14. 14. FAST FOOD RESTAURANTS <ul><li>as urban development became phenomena in the 20th century, especially in the US, people got busy in their works and the culture of eating outside in restaurants and food outlets gained immense popularity </li></ul><ul><li>sometimes known as a quick service restaurant or QSR, is a specific type of restaurant characterized both by its fast food cuisine and by minimal table service </li></ul><ul><li>the first place people could visit clean toilets </li></ul><ul><li>people went there dressed up </li></ul>
  15. 15. THE AUTOMAT <ul><li>July 7, 1912 , New York </li></ul><ul><li>the Automat was a cafeteria with its prepared foods behind small glass windows and coin-operated slots </li></ul><ul><li>remained extremely popular throughout the 1920s and 1930s. </li></ul><ul><li>the company also popularized the notion of “take-out” food, with their slogan “Less work for Mother”. </li></ul>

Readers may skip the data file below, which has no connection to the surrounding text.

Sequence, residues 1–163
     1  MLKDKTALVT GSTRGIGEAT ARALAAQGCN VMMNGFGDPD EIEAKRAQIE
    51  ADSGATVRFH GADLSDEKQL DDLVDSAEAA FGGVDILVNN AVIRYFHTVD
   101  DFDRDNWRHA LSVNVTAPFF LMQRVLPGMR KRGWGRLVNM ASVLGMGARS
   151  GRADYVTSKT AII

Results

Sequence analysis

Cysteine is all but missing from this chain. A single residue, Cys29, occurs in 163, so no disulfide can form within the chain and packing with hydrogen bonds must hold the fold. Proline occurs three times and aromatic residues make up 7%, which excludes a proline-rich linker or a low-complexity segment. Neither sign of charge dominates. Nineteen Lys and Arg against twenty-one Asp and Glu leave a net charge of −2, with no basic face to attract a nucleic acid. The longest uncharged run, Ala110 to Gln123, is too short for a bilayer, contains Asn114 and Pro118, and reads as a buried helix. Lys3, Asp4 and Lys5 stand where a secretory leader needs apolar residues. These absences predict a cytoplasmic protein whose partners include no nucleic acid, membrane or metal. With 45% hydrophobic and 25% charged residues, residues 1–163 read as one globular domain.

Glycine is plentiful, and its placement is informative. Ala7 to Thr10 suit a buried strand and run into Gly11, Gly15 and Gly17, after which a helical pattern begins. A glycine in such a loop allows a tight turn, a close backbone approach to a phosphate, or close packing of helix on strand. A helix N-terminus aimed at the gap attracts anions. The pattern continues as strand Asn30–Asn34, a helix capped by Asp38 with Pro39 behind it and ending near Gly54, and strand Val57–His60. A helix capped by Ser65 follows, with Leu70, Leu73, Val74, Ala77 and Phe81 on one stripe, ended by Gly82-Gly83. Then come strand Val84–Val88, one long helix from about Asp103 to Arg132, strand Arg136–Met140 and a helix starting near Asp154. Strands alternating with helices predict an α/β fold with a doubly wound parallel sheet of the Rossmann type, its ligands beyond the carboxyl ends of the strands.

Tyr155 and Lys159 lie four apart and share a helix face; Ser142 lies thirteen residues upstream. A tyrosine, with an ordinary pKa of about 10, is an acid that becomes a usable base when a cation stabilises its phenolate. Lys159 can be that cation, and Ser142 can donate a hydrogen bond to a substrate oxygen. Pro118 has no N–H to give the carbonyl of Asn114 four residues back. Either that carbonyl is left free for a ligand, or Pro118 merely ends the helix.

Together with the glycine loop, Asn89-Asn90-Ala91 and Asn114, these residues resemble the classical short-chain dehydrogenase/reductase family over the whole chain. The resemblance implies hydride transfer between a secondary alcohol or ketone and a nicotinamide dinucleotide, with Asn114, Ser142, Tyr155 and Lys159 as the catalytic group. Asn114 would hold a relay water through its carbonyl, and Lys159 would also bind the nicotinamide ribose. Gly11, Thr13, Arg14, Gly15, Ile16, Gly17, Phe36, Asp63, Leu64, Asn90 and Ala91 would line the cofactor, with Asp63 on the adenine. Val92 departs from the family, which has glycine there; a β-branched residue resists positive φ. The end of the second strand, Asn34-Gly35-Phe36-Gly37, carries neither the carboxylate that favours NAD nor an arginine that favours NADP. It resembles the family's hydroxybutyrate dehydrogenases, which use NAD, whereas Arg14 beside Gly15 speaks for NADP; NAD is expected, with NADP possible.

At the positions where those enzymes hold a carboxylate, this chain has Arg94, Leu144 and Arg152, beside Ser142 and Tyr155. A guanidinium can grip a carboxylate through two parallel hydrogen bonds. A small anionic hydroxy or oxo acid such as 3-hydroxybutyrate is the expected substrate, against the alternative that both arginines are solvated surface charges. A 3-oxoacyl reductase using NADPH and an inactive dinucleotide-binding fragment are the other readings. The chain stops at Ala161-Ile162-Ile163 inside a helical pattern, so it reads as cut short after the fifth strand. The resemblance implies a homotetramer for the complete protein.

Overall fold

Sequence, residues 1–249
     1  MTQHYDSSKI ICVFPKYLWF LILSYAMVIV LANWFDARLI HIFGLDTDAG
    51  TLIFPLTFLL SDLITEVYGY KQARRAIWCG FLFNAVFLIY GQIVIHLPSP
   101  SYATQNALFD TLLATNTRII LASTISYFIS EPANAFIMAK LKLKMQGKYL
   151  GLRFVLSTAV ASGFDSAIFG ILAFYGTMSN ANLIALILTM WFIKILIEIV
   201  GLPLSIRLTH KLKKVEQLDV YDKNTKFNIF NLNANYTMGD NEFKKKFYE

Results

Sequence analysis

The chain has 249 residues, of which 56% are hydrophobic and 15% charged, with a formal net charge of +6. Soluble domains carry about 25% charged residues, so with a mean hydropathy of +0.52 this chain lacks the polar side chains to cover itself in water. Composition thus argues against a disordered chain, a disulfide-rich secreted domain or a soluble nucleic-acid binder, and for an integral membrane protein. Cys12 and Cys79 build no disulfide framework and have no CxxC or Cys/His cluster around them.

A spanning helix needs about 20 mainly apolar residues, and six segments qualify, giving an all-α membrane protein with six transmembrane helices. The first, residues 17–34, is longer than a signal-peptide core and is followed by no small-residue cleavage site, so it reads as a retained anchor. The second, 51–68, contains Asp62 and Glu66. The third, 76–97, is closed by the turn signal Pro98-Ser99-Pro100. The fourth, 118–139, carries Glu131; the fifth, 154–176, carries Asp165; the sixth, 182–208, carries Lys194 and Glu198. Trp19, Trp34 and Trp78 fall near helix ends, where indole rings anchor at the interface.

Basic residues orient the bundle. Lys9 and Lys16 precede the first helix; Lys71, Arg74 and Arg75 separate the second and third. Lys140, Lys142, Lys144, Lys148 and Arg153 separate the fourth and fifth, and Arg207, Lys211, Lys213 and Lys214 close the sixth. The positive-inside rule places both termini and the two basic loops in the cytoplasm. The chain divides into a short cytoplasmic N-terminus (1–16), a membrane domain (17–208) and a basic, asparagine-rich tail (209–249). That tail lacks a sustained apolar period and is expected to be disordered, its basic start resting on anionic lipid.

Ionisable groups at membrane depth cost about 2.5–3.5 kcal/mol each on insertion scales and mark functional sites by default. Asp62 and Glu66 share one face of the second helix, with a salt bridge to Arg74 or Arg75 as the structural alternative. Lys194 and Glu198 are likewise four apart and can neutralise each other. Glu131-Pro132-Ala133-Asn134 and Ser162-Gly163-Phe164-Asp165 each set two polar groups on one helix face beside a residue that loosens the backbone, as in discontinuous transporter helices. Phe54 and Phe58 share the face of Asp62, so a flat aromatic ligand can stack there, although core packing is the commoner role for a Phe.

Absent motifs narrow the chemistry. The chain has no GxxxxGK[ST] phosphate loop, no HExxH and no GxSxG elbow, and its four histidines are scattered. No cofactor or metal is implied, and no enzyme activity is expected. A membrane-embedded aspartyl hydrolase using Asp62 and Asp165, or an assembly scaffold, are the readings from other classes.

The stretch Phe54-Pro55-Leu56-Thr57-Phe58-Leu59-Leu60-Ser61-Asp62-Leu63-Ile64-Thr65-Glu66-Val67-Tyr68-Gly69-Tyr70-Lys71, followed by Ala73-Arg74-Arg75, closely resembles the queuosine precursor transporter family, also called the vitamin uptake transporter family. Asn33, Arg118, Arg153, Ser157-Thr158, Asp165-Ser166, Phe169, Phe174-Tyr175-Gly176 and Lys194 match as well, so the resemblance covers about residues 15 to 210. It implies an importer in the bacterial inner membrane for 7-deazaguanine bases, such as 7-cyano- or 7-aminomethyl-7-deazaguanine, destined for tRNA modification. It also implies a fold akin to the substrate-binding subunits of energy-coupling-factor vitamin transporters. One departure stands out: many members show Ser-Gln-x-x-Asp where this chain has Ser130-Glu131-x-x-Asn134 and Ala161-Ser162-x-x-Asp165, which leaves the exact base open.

16. 16. WHITE CASTLE <ul><li>founded in 1921 in Wichita, Kansas by Billy Ingram and Walter A. Anderson </li></ul><ul><li>built their restaurants so that customers could see the food being prepared </li></ul><ul><li>painted the buildings white and even chose a name that suggested cleanliness </li></ul><ul><li>was most popular in the American East and Midwest, but its success helped give hamburger meat a better reputation nationwide. </li></ul>
  17. 17. COLONEL HARLAND SANDERS <ul><li>started selling fried chicken in front of a gas station in Kentucky in 1930 </li></ul><ul><li>although Kentucky Fried Chicken is today owned by the PepsiCo, it is his secret recipe that earned the brand its name and fame and is used to date </li></ul>